Full fleet inspected for wing cracks
February 16, 2012, 10:42 am
All airlines flying Airbus SAS A380 planes were ordered to land the aircrafts and inspect their entire fleet, according to Europe's air safety regulator. The European Aviation Safety Agency escalated the regulatory checks after the planes' wings started to develop cracks.
Airbus said the cracks on the wings are the result of an assembly line error, and it knows how to fix the problem. However, to maintain a good reputation as an aircraft maker, the company is requesting all A380s receive an inspection to ensure the safety of passengers. Of the jets that have been found with cracks on the wings, Airbus has repaired most and put them back into operation, Bloomberg reported.
The cracked wings have been linked to an incident in November 2010 when a Qantas A380's engine exploded during a flight and sent shrapnel through the wing. When the plane was inspected, the cracks were discovered on the wings, prompting Airbus to have other aircrafts inspected for the defect, the source reported.
In an interview with Dow Jones Newswire, spokesman for the EASA Dominique Fouda said the escalated inspection directive will require A380 operators to check for cracks using non-destructive techniques with special equipment with high-frequency electrical currents to detect cracks. Prior to the new directive, all inspections were simply visual.
The rib-skin attachment brackets are not part of the main-loading bearing structure of the plane, but are causing the cracks to occur. If the defective brackets are not repaired, the structural integrity of the plane could be damaged. Once the cracks are identified and corrected, however, the plane's operational life will be unaffected, Fouda told the source.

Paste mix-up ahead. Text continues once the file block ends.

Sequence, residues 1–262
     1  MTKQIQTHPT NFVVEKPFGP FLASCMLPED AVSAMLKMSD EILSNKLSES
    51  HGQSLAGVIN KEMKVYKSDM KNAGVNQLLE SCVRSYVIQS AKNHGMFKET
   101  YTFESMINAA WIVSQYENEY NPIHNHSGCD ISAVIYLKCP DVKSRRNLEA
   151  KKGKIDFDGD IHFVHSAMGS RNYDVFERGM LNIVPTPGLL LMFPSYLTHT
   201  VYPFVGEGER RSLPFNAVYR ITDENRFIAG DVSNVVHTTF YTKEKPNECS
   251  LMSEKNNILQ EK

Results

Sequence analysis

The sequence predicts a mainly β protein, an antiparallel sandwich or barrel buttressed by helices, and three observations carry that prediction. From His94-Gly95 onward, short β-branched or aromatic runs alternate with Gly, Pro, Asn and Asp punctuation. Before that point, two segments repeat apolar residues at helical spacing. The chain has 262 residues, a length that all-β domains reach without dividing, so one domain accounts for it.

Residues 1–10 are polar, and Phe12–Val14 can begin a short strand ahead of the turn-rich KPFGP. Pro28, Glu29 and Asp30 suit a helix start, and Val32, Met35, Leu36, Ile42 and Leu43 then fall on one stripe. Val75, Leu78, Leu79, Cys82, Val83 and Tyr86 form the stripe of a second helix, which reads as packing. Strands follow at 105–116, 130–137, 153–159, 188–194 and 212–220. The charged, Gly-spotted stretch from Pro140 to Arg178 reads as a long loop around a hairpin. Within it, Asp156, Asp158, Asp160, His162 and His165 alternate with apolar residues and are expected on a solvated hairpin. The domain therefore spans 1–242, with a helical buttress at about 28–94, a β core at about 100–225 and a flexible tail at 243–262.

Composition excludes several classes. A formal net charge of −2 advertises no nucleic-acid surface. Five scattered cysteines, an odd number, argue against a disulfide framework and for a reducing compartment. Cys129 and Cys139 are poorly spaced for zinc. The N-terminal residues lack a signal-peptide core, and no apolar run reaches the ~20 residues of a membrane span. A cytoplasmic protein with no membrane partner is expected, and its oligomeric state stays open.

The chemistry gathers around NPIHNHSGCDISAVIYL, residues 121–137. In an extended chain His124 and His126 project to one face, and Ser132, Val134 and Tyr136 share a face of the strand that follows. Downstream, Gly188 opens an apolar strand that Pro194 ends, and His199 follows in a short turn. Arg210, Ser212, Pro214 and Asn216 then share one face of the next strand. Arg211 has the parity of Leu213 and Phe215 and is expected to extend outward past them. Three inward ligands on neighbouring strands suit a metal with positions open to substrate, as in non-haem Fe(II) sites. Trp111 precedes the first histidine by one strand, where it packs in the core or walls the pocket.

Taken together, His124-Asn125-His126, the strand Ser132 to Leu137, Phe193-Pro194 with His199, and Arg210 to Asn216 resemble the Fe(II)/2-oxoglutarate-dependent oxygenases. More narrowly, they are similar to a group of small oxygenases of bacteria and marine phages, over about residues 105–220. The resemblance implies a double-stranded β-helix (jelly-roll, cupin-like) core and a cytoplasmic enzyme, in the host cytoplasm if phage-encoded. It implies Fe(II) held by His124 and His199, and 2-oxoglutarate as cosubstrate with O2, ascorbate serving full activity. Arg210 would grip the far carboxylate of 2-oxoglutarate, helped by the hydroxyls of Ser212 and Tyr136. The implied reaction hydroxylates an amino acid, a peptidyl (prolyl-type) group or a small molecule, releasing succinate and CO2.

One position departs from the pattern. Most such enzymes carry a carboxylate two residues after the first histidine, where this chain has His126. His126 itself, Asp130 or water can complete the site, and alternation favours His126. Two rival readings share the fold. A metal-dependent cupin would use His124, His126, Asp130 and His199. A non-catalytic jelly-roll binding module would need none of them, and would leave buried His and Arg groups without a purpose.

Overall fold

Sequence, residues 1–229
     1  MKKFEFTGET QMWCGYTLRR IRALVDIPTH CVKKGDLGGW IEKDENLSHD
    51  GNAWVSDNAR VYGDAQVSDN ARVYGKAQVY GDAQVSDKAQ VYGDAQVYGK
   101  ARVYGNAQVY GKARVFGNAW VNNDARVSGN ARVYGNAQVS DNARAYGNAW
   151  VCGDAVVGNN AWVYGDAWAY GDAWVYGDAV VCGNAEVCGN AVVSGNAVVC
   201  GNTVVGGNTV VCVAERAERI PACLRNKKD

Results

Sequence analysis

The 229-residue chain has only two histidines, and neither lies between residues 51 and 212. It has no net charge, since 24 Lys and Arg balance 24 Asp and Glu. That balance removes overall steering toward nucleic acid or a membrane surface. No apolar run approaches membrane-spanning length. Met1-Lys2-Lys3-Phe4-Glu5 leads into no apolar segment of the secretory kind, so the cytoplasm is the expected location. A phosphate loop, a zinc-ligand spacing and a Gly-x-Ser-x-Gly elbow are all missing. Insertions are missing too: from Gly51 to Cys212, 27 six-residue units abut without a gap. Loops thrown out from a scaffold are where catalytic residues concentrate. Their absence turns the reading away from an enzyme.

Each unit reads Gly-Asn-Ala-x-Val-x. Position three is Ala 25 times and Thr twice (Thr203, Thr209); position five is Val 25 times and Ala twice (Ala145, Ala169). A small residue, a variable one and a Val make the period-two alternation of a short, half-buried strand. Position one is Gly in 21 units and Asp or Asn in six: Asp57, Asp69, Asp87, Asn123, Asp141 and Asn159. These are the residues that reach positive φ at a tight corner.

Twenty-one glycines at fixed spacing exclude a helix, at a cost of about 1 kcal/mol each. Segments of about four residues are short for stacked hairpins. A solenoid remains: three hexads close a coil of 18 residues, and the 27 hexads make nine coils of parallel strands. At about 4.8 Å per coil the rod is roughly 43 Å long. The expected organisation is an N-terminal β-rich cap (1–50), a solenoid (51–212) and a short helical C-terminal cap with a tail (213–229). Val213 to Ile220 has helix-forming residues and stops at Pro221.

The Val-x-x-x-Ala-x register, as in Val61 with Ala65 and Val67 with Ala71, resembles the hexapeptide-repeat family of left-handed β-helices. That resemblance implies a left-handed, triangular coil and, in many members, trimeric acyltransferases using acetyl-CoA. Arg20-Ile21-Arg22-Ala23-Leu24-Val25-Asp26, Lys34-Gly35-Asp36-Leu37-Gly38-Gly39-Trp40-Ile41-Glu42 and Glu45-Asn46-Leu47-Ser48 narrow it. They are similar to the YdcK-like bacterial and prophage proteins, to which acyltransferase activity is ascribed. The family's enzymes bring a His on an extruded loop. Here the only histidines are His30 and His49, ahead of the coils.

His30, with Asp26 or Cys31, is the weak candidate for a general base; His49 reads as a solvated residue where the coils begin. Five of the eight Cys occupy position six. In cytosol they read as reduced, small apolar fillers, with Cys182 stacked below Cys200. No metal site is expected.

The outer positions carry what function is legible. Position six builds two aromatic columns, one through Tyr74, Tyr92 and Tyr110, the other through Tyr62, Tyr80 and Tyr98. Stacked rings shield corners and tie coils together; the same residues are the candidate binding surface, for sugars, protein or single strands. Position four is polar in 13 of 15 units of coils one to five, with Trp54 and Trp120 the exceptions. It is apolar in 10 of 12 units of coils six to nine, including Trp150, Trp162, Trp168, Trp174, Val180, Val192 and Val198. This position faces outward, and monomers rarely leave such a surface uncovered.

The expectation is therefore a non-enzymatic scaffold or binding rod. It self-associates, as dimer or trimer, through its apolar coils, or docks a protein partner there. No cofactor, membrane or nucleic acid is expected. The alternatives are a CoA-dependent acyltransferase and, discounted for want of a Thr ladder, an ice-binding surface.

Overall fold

Qantas Airlines discovered a crack on the wing of one of its A380s last week, but said it does not pose a threat to safety. The jet was removed from service for repairs and will be put back into service upon completion within a week. Upon inspection, Qantas found the minor cracking on the wing's rib feet to not be related to turbulence, but a manufacturing error, the source reported.
The Airbus A380 is used by several airlines all over the world but remains a rare aircraft at international airports. The twin-deck aircraft offers closed-off, first-class suites for passengers, shower cabins and duty-free shops. There is also a more popular three-class layout of the A380, which can fit more than 800 passengers in an all-economy setup, Bloomberg reported.
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